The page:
Wednesday, August 09, 2017

Feasible and infeasible worlds

According to Molinists, people have libertarian freedom, and God knows what each person would freely choose to do in whatever circumstances they might be in. That means there are counter-factuals to human freedom. A counter-factual is an if/then proposition. For example, if Pete were holding a drink at such and such moment, then he would drink it.

Since, according to Molinists, there are counter-factuals of human freedom that tell God exactly what each person will do in whatever situation, that means there are possible worlds that God could not actualize even if he wanted to. That follows from the counter-factuals.

Let's imagine two possible worlds that are exactly alike up until some precise moment that we'll call t. From t onward, the two worlds diverge because although Pete is in exactly the same situation in both worlds, he makes a different choice in each. In one world, Pete chooses to drink at t, and in the other world, Pete chooses not to drink at t.

Suppose God knew before creating anything that if Pete were holding a drink at t, then Pete would freely choose to drink at t. With that being the case, God could not have actualized the other world in which Pete were in the exact same situation at t, but chose not to drink. Even though the other world describes a possible state of affairs, God could not have actualized that world. That's what Molinists mean by "infeasible." An infeasible world is a possible world that God could not actualize because it describes a possible state of affairs that contradicts one of the counter-factuals that God knew before creating anything. If it was true all along that if Pete were in such and such situation at t, then he would freely drink, then God could not have actualized the world in which Pete was in the exact same situation at t but chose not to drink.

It makes you wonder how many possible worlds are infeasible compared to the feasible worlds. You'd think there would be at least as many infeasible worlds as there are feasible worlds since for whatever choice a person makes, they could have done otherwise, given libertarian freedom. But there are Frankfurt cases that show libertarian freedom does not require that a person could have done otherwise even if they have libertarian freedom. Still, it seems that in most of our choices, we could have done otherwise if those choices were free in the libertarian sense.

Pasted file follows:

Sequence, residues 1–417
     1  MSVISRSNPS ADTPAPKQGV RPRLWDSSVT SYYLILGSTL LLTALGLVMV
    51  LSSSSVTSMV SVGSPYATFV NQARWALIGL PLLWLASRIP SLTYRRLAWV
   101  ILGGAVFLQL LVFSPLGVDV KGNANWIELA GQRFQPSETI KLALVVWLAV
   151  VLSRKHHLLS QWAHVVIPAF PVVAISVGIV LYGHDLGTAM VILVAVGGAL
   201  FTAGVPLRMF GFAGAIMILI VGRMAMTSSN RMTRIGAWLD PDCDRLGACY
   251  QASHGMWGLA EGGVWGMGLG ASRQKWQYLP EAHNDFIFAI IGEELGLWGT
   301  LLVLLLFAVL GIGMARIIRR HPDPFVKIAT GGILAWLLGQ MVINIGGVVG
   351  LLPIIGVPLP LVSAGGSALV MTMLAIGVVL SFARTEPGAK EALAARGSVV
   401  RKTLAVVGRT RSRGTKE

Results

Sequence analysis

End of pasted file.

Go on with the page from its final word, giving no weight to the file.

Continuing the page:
I think there would actually have to be far more infeasible worlds than feasible worlds. After all, at any moment, it's not as if the very next choice you make is either to act in some particular way or not to act in that way. At each moment, there are a whole slew of things you could choose to do. Let's say you decide to point in some direction. Well, there are a whole bunch of directions you could have chosen to point. You could choose to point north, south, east, west, up, down, or anywhere in between. You'd have 360 degrees to choose from, and that's just in the horizontal plane. But if you choose to point at some precise moment, you're only going to choose to point in one particular direction. There is some counterfactual that says exactly which direction you're going to point if you are in that situation at that particular moment. Yet every direction is possible. For every possible direction you could point at that moment, but don't, there is a possible world in which you do point in that direction, but each of those possible worlds are infeasible for God to actualize.

Think about that. At any given moment, there are a whole slew of things we could freely choose to do, but we don't. We only take one course of action. That means there must be far more infeasible worlds than feasible worlds. Of all the possible worlds, there were relatively few that were feasible for God to create.


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